That’s because shares in the top U.S. telephone companies have already risen sharply this year due to their high dividend yields and earnings and revenue stability amid an uncertain global economy and low U.S. Treasury interest rates.
Verizon’s stock has risen almost 13 percent so far this year while AT&T shares are up about 17 percent.
“They’re big. They’re safe and they offer dividend yields,” said Pivotal Research analyst Steve Sweeney, explaining the stronger-than-usual demand for the telecom shares.
Verizon’s dividend yield of 4.4 percent and AT&T’s 4.9 percent yield have become increasingly attractive to risk-averse investors looking for alternatives to 10-year treasury notes carrying an interest rate that had fallen to 1.45 percent from 1.88 percent at the end of last year.
“That gap, the extra yield you’re getting by buying AT&T and Verizon, is a near 20-year high,” said Deutsche Bank analyst Brett Feldman, who has a “hold” rating on the stocks and views them as “fully valued.”
“SUMMER OF LOVE”
Verizon currently trades at about 16 times analysts’ earnings-per-share forward estimates, while AT&T trades at a multiple of 14. The average trading multiple for S&P 500 companies is 12.2, according to Thomson Reuters StarMine Data.
With macroeconomic uncertainty -- particularly in Europe -- continuing to be a major factor, analysts say there is no clear reason why the telephone companies’ shares should decline. But they also say it is unlikely the stocks will rise much further.
“I don’t think we’ll see the potential for much multiple expansion from here,” said Pivotal’s Sweeney, who has “hold” ratings on both Verizon and AT&T.
While Evercore analyst Jonathan Schildkraut views Verizon shares as “expensive,” he added that, “with limited changes in the broader macro picture, and what we expect to be a steady quarter, the summer of love for Verizon is likely to continue.”
Investors expect solid growth in the second quarter from AT&T and Verizon as they work on reining in costs and pushing for revenue growth from wireless data services.
On June 28 U.S. market leader Verizon Wireless -- Verizon’s venture with Vodafone Group Plc (VOD.L) -- kicked off a new way of billing customers aimed at convincing them to connect other devices to its network beyond phones.
AT&T is expected to follow with a similar move to so-called shared-data plans.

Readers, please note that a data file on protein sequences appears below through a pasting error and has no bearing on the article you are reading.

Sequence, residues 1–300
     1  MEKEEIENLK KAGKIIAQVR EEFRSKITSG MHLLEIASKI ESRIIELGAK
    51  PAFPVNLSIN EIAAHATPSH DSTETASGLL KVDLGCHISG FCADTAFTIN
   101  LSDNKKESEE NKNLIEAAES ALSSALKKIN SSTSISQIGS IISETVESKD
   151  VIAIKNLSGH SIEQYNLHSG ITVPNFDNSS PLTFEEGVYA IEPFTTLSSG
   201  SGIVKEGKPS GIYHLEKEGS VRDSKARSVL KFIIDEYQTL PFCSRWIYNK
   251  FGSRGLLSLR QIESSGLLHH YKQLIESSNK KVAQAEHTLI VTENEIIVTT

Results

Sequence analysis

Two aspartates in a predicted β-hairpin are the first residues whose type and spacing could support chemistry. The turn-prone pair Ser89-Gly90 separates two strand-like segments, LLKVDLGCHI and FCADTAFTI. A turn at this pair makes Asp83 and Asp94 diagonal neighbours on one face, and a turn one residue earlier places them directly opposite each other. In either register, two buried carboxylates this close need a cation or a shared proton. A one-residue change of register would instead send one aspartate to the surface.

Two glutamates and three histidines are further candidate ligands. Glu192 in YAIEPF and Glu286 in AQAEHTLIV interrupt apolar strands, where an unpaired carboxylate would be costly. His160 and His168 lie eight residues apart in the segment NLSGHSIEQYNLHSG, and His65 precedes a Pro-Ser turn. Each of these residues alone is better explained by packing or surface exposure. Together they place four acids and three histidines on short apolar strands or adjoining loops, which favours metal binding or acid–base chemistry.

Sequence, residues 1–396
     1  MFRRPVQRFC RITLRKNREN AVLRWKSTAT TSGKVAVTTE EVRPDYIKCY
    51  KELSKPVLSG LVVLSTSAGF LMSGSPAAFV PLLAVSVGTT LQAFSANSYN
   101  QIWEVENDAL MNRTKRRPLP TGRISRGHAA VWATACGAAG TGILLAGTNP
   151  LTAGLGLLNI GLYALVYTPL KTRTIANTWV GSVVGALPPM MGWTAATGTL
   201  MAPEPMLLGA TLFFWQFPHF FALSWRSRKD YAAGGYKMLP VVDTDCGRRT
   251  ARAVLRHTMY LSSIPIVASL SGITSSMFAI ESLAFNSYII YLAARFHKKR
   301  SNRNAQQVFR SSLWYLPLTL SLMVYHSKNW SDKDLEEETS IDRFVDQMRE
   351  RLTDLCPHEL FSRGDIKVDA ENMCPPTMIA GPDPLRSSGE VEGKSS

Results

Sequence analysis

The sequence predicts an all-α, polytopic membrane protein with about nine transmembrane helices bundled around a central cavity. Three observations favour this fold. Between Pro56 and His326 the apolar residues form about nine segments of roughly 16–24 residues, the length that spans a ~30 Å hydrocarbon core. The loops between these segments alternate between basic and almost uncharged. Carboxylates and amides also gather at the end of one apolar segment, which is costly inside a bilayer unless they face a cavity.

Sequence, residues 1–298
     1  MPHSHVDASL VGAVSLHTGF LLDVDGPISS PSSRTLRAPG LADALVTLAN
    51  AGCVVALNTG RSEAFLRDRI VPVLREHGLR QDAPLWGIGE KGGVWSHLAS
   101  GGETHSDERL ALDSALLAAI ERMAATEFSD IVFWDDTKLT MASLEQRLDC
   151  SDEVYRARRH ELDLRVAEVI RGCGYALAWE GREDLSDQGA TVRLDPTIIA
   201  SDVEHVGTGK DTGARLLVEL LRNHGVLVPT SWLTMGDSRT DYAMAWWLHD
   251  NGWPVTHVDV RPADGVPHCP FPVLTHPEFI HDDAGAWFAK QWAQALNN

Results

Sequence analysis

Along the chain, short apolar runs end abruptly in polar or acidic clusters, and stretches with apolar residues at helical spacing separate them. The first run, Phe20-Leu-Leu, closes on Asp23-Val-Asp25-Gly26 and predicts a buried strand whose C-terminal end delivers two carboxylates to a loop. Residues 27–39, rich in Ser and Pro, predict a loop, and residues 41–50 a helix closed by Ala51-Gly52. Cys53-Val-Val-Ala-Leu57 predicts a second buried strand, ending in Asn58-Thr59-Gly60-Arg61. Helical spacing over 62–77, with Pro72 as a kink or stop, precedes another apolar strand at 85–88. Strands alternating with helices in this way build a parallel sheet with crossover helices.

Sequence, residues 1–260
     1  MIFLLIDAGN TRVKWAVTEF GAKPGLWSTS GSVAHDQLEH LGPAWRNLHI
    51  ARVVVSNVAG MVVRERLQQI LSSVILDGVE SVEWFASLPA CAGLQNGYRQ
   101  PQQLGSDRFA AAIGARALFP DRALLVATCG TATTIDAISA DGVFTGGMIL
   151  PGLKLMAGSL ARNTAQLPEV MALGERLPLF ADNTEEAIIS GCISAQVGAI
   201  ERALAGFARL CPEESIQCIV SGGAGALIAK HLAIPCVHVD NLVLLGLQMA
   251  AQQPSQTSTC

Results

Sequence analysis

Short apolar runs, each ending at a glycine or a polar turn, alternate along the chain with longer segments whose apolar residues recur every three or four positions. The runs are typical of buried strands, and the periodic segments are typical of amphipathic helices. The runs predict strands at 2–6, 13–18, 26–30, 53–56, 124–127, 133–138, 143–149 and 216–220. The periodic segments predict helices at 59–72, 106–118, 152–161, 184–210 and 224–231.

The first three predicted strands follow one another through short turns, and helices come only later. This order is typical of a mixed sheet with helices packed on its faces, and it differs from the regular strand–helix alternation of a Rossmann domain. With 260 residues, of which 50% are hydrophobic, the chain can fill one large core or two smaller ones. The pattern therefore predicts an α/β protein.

Investors expect the changes to eventually boost revenue but they will not be a factor in the second quarter.
When Verizon reports results on July 19, Verizon Wireless is expected to lead U.S. growth with almost 666,000 new subscribers, according to seven analysts. Their estimates range from 440,00 to 878,000.
AT&T, the No. 2 U.S. mobile provider, is seen adding about 233,000 subscribers, according to six analysts. AT&T is scheduled to report results July 24.
Both companies are likely to add customers from smaller rivals such as No. 3 U.S. mobile service provider Sprint Nextel Corp (S.N), which is expected to lose over 203,000 subscribers in the quarter, according to five analysts.
“One of the reasons investors feel comfortable right now with AT&T and Verizon is that the near term for earnings looks firm,” said Deutsche Bank’s Feldman.
Last year the two operators felt heavy pressure on wireless profit margins as record sales of iPhones pushed up costs. Verizon Wireless, AT&T and Sprint all pay hefty subsidies to Apple Inc (AAPL.O) for each iPhone they sell, and they use big device discounts to lure customers to two-year contracts.
But this year, profit margins at AT&T and Verizon are expected to improve as both companies have taken steps to slow the rate at which their customers upgrade to new smartphones.
“Because of the discipline they’ve shown there, investors expect to see better margins this year,” Feldman said. “Q2 will likely confirm that near term operating trends are showing solid performance of revenue and margins.”
Analysts estimate Verizon Wireless’ service profit margin based on earnings before interest, taxes, depreciation and amortization will rise to roughly 47 percent or higher in the second quarter from 46.3 percent in the first quarter and 42.2 percent in the fourth quarter, when the iPhone was launched.
AT&T’s profit margin is expected to rise to about 42 percent in the second quarter from 41.6 percent in the first quarter and 28.7 percent in the fourth quarter, when it incurred its heaviest expenses from the iPhone.
Verizon’s earnings per share is expected to increase by 12 percent to 64 cents on a revenue gain of 3 percent to $28.59 billion, according to Thomson Reuters I/B/E/S
Analysts expect AT&T to report an earnings increase of about 5 percent to 63 cents, and revenue is estimated rising about 1 percent to $31.786 billion.
AT&T shares rose 0.6 percent at $35.63 early Tuesday on New York Stock Exchange. The stock ended 2011 at $30.24.
Verizon was up 0.4 percent at $45.46. The stock ended 2011 at $40.12.
Additional reporting by Chris Reese; editing by Peter Lauria and Jeffrey Benkoe